Hiking Hawks Ridge in “Mine-tana”

By Hugh Rogers

            Long-anticipated trails on the Mower Tract, 40,000+ acres on the western edge of Cheat Mountain that came into the Monongahela National Forest in the 1980’s, are welcoming hikers at last. On the Lambert Ponds and Lambert Overlook trails, see the Voice, July 2019. Now we have Hawks Ridge Loop Trail on the southern flank of a ridge that was strip-mined before Forest Service acquisition. The trail offers long views over nearly 360 degrees, as well as patches of old red spruce that show what we might expect in a future beyond our lifetimes. 

             In the 1970’s, before turning the land over to the Forest Service, Mower Lumber Company’s successors took what coal they could get by “shoot and shove” mining: they dynamited the overburden, extracted the coal seam, then pushed the thin soil and broken rock back to “approximate original contour” and planted grasses and Norway spruce to control runoff. Slopes were stabilized, but the degraded, compacted soil could not support true reforestation. The high, wide-open landscape has been nicknamed “Mine-tana.” 

            Now the grassy slopes have been ripped by bulldozers with three-foot shanks and replanted with native red spruce seedlings obtained from the Highlands Conservancy’s Administrator, Dave Saville. Kiosks along FR 227 explain the process. On Hawks Ridge, you can see the little spruce establishing footholds amongst the jumble of soil, rock, and knocked-down trees that had failed to thrive over the past thirty-five years. 

            Thanks to Greenbrier District Ranger Jack Tribble, Biologist Shane Jones, and Recreation Specialist John Wheeler for their help. 

            Here’s the trail description in Hiking Guide format: 

HAWKS RIDGE LOOP TRAIL                                                                              2.5 mi.

SCENERY: exceptional                                                                 DIFFICULTY: moderate

CONDITION: good                                                                          ELEVATION: 4400/4260

MAPS: Snyder Knob, and Forest Service topo accompanying this description 

            Access: At Cromer Top, where US 250 south of Huttonsville reaches the top of Cheat Mountain, turn right on FR 227. Drive south 5.7 mi. to a left turn on FR 227C. From this junction, it is one-half mile to the trailhead. FR 227 is a graded and graveled road in good condition, although washboarded on hills; FR 227C is hardpacked dirt, designed for high clearance vehicles, but can be negotiated, slowly, by street-clearance models.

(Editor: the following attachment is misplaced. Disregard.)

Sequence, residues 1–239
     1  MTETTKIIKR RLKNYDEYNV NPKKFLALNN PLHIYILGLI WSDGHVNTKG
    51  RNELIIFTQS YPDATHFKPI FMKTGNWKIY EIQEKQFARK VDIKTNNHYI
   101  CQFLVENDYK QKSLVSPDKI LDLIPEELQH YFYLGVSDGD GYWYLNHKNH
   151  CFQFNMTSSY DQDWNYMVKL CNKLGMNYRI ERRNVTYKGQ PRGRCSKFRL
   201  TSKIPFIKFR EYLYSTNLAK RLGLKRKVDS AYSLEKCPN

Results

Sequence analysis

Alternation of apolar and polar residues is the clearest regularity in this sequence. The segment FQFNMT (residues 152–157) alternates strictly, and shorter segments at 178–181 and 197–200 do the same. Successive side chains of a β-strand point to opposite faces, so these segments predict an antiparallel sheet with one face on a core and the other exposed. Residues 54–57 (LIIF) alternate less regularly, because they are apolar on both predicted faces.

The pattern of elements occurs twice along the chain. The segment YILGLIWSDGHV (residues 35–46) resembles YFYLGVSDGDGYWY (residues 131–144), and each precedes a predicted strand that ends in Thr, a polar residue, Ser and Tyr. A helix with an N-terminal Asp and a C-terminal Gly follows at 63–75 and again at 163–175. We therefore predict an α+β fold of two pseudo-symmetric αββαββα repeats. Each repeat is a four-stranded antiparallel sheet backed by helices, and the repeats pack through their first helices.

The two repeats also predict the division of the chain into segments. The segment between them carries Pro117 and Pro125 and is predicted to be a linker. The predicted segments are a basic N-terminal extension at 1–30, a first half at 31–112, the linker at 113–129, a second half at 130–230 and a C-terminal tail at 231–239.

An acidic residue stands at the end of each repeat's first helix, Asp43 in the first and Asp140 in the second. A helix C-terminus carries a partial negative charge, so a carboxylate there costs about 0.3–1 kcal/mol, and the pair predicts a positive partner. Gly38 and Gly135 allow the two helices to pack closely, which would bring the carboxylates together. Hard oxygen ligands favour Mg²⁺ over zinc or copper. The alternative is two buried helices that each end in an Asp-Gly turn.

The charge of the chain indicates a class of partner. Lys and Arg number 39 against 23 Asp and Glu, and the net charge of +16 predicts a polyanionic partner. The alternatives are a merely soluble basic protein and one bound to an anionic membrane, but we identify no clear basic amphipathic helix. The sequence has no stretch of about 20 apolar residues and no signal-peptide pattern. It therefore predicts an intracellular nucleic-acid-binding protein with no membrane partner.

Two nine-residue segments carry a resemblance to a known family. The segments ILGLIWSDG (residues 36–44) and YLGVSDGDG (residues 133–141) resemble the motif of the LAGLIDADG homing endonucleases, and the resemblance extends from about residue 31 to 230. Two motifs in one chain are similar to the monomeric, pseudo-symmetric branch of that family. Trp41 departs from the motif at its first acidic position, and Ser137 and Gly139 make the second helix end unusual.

Two trailheads, a stone’s throw apart, are found on opposite sides of the road. Look for parking space on your right at the top of a rise a half mile from FR 227; a sign, “Hawks Ridge Loop 2 ½,” is on your left—the sign faces SE so it’s easy to miss as you approach.

            Just beyond is a large open area with a campfire ring. A sign at the edge of the woods credits funding for the project that will encompass four trails by September 2020; Hawks Ridge was the first to be completed. American Conservation Experience trainees (“Ace” on the map) finished a still-to-be-named south loop here in September 2019. 

            Segment 1: Hawks Ridge Loop begins as a vehicle track up a spine between two old strip mines. You can see the effects of deep ripping on the slopes, the skeletons of Norway spruce, and the new red spruce sprouts. Wire cages protect young quaking aspen. There are spectacular views to the east, across the Lambert Basin and the Shavers Fork to Allegheny Mountain, as well as south and southwest along Cheat Mountain. Crouch Knob (4529’) is in the foreground. (In ten years or so, the maturing red spruce will grow tall enough to obstruct some views, so get ‘em while you can.)

            Once the trail reaches the top of the old mine, it stays on the 4400’ contour. At a signed junction, leave the vehicle track and turn N into woods. Shortly, at another sign, the loop begins. Heading W, the trail soon re-emerges into the mined and restored area, where blazes appear on rocks. As the trail rounds the first point, views extend to the west. The trail then climbs to a higher bench.

            At a tricky intersection, where blazes seem to point in two directions, straight ahead and sharply back SE, continue NNW and keep alert for the trail bearing off to the right—the blue blaze is on a rock partway up the slope. The trail continues just above and parallel with the vehicle track, at the toe of the reshaped highwall. 

            The bench narrows as it rounds the N point, and the trail peels off to the right and enters a pine plantation. Here, mature red spruce is regaining its old range; however, depending on the soil, some of the trees are chlorotic, yellowing, and may not survive. As the trail heads NE, there are intermittent openings between the trees. Barton Knob (4434’) dominates the view; on its southern flanks, note the different generations of mineland reclamation.  

            For a final contrast, the trail enters dense forest on the unmined east slope. Beech and birch are scattered among full-size (some very large indeed) red spruce. As the trail trends S, it joins an old woods road. Stay on the contour as a logging road plunges down on the left. At a clearing where the trail leaves the old road, the trail-builders have left their mark: a stack of three large rocks. The trail winds around through a spruce grove, then briefly rejoins the road, which narrows to a single track. In the next clearing, two low flat rocks have been placed as benches. The trail re-enters the woods on the left, heading north, and then at a switchback, descends to the east. One more turn toward the south closes the loop.